Problems are only opportunities in work clothes.
-- Henry Kaiser

 

   

The MONTHLY Motivator - August 2002

Thoughts and Feelings

Every waking moment of every day, you are thinking. Some thoughts stick with you for years, for decades, even for your entire life. Other thoughts come for a few moments and then fade out of consciousness, never to reappear again. Then there are thoughts which come and go, and come back again at regular intervals.

Your thoughts are vitally important because they are the basis for your actions, and your actions are critical to making things happen. Thoughts alone cannot accomplish anything outside your own mind, yet those same thoughts absolutely direct and control the processes which do indeed get things accomplished.

Feelings are a bit different than regular thoughts, though closely related. Your feelings can affect your thoughts and your thoughts can affect your feelings. A feeling is, in many ways, a special kind of thought. Though feelings are not as logical or linear as we would normally think of thoughts as being, still they reside within your mind as thoughts also do. So when we look at thoughts in general, we must also consider that feelings are closely related and play an important role.

The really powerful thing about your thoughts and your feelings is that they are under your control. It doesn’t always seem that way. When the phone rings with news of a crisis, your thinking immediately switches to the urgent matters at hand. In such a case, it would seem that the crisis itself has taken control of your thoughts, and indeed it has. But just as true is the fact that you’ve chosen to let that crisis occupy your thoughts. The process is often so automatic you don’t even notice it.

Think, for a moment, though, of what would happen if the phone rang with news of a crisis, but it was a wrong number and the crisis was something that did not concern you at all. You’d listen politely for a moment, let the person know they had the wrong number, and then get back to what you were doing before. The other person’s crisis might occupy your thoughts for a minute or two, but it would not be in control of your thinking. Why would the “wrong number” crisis not take over your thinking? Because you would not choose for it to do so. It would have no effect on you and you would choose to devote you thinking to something else.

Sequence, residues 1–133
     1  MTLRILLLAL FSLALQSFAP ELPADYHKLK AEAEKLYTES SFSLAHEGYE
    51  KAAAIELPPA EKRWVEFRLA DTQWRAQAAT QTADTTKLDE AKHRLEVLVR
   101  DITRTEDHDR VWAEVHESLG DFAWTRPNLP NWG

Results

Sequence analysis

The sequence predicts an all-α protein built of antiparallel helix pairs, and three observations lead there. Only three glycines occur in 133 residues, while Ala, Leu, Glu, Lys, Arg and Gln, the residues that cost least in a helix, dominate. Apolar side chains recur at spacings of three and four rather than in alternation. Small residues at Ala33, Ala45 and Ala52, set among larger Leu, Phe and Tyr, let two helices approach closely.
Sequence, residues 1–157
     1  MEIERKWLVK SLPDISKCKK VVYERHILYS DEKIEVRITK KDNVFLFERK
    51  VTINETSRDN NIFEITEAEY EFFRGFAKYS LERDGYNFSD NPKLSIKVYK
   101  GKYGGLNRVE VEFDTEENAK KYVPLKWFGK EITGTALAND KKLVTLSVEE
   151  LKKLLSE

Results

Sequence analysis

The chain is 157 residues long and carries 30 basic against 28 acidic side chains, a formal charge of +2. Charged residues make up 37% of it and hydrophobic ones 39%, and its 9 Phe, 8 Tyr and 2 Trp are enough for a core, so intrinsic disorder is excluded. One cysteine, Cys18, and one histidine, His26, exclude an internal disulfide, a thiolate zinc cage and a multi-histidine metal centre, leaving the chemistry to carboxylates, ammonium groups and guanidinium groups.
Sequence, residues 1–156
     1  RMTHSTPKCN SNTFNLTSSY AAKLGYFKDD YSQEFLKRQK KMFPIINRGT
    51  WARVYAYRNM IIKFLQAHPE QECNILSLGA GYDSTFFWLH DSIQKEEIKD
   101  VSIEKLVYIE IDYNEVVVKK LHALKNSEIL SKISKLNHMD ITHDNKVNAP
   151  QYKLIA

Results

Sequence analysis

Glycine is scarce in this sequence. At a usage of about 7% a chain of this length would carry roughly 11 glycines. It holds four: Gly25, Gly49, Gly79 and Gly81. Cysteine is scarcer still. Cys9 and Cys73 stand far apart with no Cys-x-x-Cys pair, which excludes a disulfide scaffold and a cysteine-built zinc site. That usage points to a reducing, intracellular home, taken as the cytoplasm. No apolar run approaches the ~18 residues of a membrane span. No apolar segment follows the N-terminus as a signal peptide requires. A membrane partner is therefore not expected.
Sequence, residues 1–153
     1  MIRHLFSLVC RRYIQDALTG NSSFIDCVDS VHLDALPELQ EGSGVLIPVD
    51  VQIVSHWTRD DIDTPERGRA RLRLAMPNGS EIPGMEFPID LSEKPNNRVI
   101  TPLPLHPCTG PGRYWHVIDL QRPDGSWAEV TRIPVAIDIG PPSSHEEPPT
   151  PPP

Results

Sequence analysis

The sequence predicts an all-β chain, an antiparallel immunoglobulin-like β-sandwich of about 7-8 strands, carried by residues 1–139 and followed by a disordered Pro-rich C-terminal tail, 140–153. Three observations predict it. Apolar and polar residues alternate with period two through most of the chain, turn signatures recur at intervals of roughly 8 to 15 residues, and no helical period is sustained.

So, when there is an urgent situation of some kind that does seem to take over your thinking, it’s because you have chosen to let it dominate your thoughts. You have evaluated the situation, and determined that it is important enough to you to warrant the commitment of your thoughts to it. The situation, in and of itself, has not taken over your thinking. You’ve made the decision to give your thoughts to it.

Those special kinds of thoughts known as feelings work in a similar way. When you feel one way or another toward a particular person, place, event or situation, it is because you have crafted a personal connection with that object of your feelings. Feelings do not simply overcome you and overwhelm you on their own. They are ultimately under your control and direction. You decide who and what you have feelings for, and what kind of feelings they will be.

Success in any endeavor is largely a matter of exercising the control, control you already have access to, over your thoughts and feelings. Perhaps that sounds a bit sterile, overly logical, uncaring and insensitive at first glance. After all, many people might appear to be imprisoned by their thoughts and feelings, seemingly through no “fault” of their own.

But fault, or lack of fault, is not really the issue because fault deals with the past. What has happened in the past cannot be changed and therefore is of little consequence except as an experience from which to learn. What really matters to everyone, wherever they may be and however they may have gotten there, is the process of going forward. And no matter who or what may be at fault for a particular situation or circumstance, the way forward is always by exercising focused and directed control over one’s thoughts and feelings.


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—Ralph Marston